Eve Knox disappeared just before Christmas from her small town in Iowa. She was a high school sophomore, and her body was found later that night in a cave outside of town. Despite a number of suspects, including an abusive high-school boyfriend, the killer was never found. Now it’s 25 years later, and Eve’s best friend Maggie, who along with Eve’s sister found her body in the cave that long-ago night, is a police detective in their hometown. New evidence has been found, leading to a re-opening of the case. Can Maggie, seven months pregnant after years of trying to have a baby, find the killer without turning her own life upside down?
I’m always drawn to Heather Gudenkauf’s novels, including This Is How I Lied (2020), because they have interesting premises and they are set in my part of Iowa, in towns that are somewhat disguised but recognizable to me. And I always come away disappointed with vaguely drawn characters, some ridiculous plot points, and a general sloppiness that I’m more inclined to blame on her editor than on her, to be honest. Whenever an author writes in one paragraph that her character had reached through a picket fence and undone the latch to enter a backyard, then inexplicably two paragraphs later writes the character as looking into the backyard through the fence from the outside, an editor has not earned their wings. And the first-person narration shifts from present to past tense within the same sentence, then back again. Pick a lane, people!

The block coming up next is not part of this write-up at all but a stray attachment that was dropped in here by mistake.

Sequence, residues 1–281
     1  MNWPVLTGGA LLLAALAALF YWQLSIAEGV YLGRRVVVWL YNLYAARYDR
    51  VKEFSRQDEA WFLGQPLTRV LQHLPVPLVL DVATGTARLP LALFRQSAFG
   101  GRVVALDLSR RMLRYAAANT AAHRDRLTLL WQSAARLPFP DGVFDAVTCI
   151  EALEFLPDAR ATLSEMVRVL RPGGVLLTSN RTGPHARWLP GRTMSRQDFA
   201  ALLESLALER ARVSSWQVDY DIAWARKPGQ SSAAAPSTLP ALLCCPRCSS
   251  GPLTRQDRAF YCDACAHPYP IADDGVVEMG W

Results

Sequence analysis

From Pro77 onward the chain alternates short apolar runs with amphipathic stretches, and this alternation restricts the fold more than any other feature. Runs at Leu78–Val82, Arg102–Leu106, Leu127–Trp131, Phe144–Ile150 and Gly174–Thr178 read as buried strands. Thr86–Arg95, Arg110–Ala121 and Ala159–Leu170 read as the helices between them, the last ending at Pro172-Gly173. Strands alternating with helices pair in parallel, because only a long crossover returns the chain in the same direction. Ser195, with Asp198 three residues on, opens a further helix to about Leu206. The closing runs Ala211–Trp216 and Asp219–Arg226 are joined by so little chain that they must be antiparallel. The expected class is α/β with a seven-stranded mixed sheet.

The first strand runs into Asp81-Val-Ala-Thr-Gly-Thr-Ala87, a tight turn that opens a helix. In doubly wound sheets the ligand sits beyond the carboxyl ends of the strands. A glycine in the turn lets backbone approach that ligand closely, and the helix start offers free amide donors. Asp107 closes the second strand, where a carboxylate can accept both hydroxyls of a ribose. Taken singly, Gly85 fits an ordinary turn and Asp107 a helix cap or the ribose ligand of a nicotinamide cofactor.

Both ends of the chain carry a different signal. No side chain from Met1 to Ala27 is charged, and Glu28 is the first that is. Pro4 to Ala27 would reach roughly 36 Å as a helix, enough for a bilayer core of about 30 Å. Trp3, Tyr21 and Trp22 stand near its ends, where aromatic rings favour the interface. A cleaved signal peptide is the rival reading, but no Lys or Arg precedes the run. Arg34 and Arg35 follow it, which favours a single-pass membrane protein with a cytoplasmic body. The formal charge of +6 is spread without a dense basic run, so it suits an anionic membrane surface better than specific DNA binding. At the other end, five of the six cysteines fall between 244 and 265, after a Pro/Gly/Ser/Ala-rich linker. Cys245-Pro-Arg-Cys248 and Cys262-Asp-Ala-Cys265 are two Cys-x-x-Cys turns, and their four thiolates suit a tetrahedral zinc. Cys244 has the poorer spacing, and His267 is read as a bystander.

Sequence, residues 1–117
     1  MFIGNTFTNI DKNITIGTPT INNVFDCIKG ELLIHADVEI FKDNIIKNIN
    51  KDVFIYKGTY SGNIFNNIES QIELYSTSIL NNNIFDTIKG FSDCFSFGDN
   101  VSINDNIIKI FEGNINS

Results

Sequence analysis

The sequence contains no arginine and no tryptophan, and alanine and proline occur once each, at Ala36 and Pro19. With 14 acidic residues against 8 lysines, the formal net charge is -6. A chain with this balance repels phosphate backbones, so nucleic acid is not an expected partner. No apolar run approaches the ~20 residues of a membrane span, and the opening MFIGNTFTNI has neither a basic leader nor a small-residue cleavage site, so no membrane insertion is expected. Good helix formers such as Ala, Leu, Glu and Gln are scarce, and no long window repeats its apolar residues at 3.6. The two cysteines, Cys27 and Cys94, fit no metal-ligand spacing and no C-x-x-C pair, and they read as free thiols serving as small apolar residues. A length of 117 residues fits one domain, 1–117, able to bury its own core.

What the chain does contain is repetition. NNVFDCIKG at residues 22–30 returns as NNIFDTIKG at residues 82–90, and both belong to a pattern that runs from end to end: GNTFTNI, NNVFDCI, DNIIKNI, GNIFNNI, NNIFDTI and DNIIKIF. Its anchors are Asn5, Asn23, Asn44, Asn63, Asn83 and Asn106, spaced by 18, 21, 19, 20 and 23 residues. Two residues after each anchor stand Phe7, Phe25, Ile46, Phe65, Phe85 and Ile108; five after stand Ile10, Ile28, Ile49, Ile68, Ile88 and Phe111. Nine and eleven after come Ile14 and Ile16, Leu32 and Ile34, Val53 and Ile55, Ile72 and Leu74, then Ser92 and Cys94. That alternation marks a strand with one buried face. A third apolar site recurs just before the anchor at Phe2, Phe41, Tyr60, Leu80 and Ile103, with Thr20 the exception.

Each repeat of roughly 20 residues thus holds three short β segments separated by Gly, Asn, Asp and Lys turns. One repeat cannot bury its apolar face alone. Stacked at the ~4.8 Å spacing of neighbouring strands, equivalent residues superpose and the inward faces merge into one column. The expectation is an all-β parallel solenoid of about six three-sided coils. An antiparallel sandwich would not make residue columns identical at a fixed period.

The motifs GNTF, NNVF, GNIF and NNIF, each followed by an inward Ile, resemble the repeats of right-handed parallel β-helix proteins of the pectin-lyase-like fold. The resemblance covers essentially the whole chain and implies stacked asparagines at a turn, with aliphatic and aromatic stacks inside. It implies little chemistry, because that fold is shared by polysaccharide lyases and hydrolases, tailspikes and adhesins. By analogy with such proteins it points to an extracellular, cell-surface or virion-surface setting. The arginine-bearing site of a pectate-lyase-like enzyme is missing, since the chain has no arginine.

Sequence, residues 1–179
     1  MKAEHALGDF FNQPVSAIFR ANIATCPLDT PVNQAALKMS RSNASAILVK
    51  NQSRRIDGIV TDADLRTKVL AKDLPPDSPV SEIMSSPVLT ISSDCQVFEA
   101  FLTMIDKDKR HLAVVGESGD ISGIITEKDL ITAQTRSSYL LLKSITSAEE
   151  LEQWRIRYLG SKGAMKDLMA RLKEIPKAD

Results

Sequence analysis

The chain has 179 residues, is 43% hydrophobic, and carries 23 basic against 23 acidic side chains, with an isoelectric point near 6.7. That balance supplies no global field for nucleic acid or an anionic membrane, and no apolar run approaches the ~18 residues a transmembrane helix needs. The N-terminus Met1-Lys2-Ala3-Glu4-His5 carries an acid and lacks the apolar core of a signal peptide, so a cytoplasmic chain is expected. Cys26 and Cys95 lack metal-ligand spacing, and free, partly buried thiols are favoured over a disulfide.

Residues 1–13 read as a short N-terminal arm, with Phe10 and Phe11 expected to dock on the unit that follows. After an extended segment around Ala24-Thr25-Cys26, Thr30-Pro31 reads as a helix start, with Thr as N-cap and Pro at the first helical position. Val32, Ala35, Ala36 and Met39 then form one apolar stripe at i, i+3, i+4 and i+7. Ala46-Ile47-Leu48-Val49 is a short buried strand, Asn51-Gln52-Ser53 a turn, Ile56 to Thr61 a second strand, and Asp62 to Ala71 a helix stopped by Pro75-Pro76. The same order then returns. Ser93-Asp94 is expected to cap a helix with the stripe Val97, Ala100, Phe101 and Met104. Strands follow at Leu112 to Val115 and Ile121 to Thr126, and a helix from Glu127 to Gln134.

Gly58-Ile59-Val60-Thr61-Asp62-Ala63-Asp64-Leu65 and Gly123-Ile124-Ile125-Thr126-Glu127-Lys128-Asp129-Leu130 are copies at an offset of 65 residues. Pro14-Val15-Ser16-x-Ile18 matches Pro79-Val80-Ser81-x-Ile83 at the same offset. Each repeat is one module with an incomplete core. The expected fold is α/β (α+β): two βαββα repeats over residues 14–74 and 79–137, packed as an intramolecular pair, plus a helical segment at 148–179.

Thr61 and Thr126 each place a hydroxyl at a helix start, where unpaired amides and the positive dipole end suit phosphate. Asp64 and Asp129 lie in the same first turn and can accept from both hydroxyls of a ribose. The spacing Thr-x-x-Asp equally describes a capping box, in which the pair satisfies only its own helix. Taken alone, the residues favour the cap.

For all of that, this is not a bad book. I never felt tempted to Pearl-rule it, and I don’t regret reading it. Indeed, someone less neurotic about grammar may well enjoy this book. I myself have often overlooked inconsistencies when a book is otherwise engaging. There’s a reason I read so many of Martha Grimes’ Inspector Jury mysteries: Grimes created memorably quirky characters and had a gift for scenic description that made me feel I was right there. Who was I to quibble if I finished the book unsure exactly why the Who had Dun It? Alas, Ms. Gudenkauf has many of the faults and few of the assets of Ms. Grimes.
I have decided I’m no longer going to fall for the “but it’s Iowa” urge and let this author go. Of course, I said that the last time, too …